3) Cache closing stores
Women`s retailer Cache announced that it is closing 20 to 23 stores this year.

4) Lane Bryant, Fashion Bug, Catherine`s closing 150 stores nationwide
The owner of retailers Lane Bryant , Fashion Bug , Catherine`s Plus Sizes will close about 150 under performing stores this year. The company hasn`t provided a list of specific store closures and can`t say when it will offer that info, spokeswoman Brooke Perry said today.

5) Talbots, J. Jill closing stores
About a month ago, Talbots announced that it will be shuttering all 78 of its kids and men`s stores. Now the company says it will close another 22 under performing stores. The 22 stores will be a mix of Talbots women`s and J. Jill, another chain it owns. The closures will occur this fiscal year, according to a company press release.

6) Gap Inc. closing 85 stores
In addition to its namesake chain, Gap also owns Old Navy and Banana Republic. The company said the closures - all planned for fiscal 2008 - will be weighted toward the Gap brand.

7) Foot Locker to close 140 stores
In the company press release and during its conference call with analysts today, it did not specify where the future store closures - all planned in fiscal 2008 - will be. The company could not be immediately reached for comment.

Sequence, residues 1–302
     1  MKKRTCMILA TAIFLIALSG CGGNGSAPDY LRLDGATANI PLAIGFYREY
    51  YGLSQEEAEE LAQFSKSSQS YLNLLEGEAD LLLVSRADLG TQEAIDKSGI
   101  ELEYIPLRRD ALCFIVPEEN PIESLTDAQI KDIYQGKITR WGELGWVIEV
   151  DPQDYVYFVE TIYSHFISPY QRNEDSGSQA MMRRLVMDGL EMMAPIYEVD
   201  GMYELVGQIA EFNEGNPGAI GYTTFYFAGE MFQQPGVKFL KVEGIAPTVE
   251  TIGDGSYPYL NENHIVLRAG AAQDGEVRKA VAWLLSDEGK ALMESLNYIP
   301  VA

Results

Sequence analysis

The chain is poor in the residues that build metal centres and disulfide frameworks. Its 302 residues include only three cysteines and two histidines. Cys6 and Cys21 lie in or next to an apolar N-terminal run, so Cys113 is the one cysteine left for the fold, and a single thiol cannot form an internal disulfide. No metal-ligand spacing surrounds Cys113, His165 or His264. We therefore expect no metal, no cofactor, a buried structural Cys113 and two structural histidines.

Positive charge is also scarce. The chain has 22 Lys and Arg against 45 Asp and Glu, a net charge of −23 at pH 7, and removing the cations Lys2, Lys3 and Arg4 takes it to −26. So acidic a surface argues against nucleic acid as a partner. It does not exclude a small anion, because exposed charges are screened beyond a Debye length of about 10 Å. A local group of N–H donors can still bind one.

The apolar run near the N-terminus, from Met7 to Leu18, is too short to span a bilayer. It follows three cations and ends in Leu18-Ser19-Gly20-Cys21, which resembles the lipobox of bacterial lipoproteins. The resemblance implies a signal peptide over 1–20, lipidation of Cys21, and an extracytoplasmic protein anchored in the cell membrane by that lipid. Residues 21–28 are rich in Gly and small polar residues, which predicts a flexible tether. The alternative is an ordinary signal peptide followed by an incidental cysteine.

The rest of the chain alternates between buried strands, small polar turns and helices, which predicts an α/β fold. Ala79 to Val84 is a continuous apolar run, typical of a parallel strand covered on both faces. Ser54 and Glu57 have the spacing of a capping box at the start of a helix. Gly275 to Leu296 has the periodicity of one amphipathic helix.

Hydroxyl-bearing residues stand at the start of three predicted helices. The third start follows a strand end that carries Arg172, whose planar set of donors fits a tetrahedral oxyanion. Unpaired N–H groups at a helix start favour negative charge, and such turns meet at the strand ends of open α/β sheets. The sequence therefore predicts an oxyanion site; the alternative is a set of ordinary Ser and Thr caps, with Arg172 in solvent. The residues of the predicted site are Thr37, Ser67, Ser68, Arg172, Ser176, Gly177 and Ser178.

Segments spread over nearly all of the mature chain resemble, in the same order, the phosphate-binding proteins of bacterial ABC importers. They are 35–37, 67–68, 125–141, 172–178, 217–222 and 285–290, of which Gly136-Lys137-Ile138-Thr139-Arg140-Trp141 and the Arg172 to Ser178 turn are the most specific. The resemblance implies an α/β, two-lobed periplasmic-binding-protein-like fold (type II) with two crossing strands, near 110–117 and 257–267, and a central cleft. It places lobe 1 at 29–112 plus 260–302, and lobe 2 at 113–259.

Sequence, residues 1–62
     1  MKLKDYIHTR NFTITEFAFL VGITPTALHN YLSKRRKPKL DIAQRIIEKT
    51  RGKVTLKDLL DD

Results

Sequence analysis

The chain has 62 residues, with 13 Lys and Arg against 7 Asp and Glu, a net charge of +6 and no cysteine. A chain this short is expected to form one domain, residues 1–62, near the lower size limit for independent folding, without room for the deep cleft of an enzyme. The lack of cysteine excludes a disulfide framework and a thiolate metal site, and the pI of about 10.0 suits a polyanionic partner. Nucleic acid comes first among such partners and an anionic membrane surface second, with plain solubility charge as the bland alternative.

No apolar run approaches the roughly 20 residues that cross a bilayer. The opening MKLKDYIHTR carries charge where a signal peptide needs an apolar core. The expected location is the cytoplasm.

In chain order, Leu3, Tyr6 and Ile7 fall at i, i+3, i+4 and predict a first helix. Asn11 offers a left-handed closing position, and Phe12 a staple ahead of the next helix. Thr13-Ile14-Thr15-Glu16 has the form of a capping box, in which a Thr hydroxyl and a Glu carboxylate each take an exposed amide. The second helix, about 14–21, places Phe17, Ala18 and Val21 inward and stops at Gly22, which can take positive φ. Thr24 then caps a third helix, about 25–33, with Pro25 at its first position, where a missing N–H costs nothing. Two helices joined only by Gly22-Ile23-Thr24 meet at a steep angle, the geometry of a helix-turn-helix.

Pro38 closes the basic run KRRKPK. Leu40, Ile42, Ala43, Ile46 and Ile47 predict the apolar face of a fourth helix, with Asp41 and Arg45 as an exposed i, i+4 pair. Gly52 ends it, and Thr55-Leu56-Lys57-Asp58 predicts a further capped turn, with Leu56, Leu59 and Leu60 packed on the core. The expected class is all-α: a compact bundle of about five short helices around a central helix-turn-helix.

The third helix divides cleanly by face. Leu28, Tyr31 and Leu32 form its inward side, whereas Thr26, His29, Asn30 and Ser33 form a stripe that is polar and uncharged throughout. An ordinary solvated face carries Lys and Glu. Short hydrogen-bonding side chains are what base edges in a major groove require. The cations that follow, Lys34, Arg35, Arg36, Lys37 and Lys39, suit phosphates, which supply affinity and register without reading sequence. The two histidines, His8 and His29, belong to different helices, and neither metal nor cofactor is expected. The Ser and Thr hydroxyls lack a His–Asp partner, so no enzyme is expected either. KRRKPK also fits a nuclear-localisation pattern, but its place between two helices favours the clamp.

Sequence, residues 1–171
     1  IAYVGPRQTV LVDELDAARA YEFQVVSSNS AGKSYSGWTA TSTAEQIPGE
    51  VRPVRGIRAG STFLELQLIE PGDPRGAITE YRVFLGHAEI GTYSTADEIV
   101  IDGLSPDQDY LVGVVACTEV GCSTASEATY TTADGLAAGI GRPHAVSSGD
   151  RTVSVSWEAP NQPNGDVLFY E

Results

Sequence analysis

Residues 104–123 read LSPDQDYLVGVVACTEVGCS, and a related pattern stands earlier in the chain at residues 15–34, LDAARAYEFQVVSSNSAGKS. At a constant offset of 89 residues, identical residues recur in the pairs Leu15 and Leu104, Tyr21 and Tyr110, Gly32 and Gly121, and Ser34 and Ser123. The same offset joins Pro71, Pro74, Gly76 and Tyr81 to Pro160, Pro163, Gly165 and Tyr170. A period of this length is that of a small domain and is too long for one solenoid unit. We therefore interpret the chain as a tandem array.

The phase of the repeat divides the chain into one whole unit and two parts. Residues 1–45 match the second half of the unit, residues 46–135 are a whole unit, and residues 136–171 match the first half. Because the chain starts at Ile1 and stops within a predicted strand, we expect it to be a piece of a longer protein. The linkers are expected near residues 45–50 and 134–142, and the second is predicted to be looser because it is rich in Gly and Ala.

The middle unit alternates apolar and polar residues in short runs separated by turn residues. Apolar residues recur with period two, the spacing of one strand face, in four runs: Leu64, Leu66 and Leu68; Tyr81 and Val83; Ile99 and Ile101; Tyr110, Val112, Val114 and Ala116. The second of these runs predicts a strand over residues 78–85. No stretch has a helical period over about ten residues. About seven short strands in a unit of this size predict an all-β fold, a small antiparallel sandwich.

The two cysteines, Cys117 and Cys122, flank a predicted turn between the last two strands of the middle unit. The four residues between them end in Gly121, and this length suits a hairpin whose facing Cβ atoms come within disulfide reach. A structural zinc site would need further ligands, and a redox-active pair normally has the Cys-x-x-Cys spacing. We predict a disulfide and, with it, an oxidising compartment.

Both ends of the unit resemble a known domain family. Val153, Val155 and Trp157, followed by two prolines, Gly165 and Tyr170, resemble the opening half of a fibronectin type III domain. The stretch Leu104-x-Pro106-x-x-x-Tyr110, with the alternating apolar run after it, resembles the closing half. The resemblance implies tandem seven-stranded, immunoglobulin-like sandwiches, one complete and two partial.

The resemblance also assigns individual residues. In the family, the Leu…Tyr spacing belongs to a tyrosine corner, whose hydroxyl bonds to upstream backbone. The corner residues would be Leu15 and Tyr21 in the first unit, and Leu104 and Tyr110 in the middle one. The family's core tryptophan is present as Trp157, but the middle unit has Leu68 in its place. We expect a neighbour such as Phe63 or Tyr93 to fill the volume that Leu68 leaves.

8. Wickes is going out of business
Wickes Furniture is going out of business and closing all of its stores. Wickes, a 37-year-old retailer that targets middle-income customers, filed for bankruptcy protection last month.

9) Goodbye Levitz / BOMBAY - closed already
This furniture retailer is going out of business. Levitz first announced it was going out of business and closing all 76 of its stores in December. The retailer dates back to 1910 when Richard Levitz opened his first furniture store in Lebanon, PA. In the 1960s, the warehouse/showroom concept brought Levitz to the forefront of the furniture industry. The local Levitz closures will follow the shutdown of Bombay.

10) Zales, Piercing Pagoda closing stores
The owner of Zales and Piercing Pagoda previously said it plans to close 82 stores by July 31. Today, it announced that it is closing another 23 under performing stores. The company said it`s not providing a list of specific store closures. Of the 105 locations planned for closure, 50 are kiosks and 55 are stores.

11) Disney Store owner has the right to close 98 stores
The Walt Disney Company announced it acquired about 220 Disney Stores from subsidiaries of The Children`s Place Retail Stores. The exact number of stores acquired will depend on negotiations with landlords. Those subsidiaries of Children`s Place filed for bankruptcy protection in late March. Walt Disney in the news release said it has also obtained the right to close about 98 Disney Stores in the U.S. The press release didn`t list which stores.

12) Home Depot
Nearly 7+ months after its chief executive said there were no plans to cut the number of its core retail stores, The Home Depot Inc. announced Thursday that it is shuttering 15 of them amid a slumping U.S. economy and housing market. The move will affect 1,300 employees. It is the first time the world`s largest home improvement store chain has ever closed a flagship store for performance reasons. Its shares rose almost 5 percent. The Atlanta-based company said the under performing U.S. stores being closed represent less than 1 percent of its existing stores. They will be shuttered within the next two months.